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This design, which dates from 2012, is not a modern responsive site (“responsive” in web design refers to page elements that automatically resize and text that automatic reflows, according to the size of the browser, in order to display well on different sized devices). It is only optimized for desktop and phone, not in-between sizes like tablet. However, it is an excellent example of how it is possible to design for the web in such a way as to organize and display a huge amount of information much more compactly and more clearly than could ever be possible in print, thereby tailoring the design to the medium itself.
In order to achieve this, I created a series of sublinks, not as a submenu buried within the main menu as is the norm, but much more functionally and clearly, as a series of buttons in the right column. Clicking on any of these buttons takes you to a separate page that, because of the design, appears instead to merely replace the information on the existing page rather than changing pages. What gets replaced is a slide show of photos taken at the location featured; a paragraph of descriptive text; and, below the buttons, a series of links to external websites for further information.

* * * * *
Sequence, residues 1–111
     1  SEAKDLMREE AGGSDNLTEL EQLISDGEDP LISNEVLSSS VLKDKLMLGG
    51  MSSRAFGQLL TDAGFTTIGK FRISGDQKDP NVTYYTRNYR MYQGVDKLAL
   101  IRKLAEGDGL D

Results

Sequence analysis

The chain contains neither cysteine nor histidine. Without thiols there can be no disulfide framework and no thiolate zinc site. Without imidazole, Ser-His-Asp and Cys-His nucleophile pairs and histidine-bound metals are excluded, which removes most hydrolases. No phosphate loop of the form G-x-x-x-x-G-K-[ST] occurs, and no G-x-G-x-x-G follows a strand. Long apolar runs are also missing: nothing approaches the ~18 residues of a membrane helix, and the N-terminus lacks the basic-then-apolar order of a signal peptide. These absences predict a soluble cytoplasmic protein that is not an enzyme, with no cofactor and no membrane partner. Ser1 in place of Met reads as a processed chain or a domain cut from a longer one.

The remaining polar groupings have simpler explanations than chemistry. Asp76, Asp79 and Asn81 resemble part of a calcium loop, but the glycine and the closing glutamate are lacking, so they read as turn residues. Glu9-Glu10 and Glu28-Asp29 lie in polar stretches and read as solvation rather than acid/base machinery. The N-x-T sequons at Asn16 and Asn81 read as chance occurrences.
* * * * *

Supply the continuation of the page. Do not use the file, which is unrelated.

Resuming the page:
In writing, employing parallelism makes multiple ideas both easier to understand and to relate to each other. The same principle applies here in an instance of visual design.
Apart from conveying a huge amount of information simply and clearly, the design also features a persistent call to action on the upper right corner of each page and a semi-transparent background that scrolls—and therefore, appears to hover over—a stationary background photograph of sand, which acts as an ever-present reminder of the desirable oceanside location of the condominium complex the site is promoting.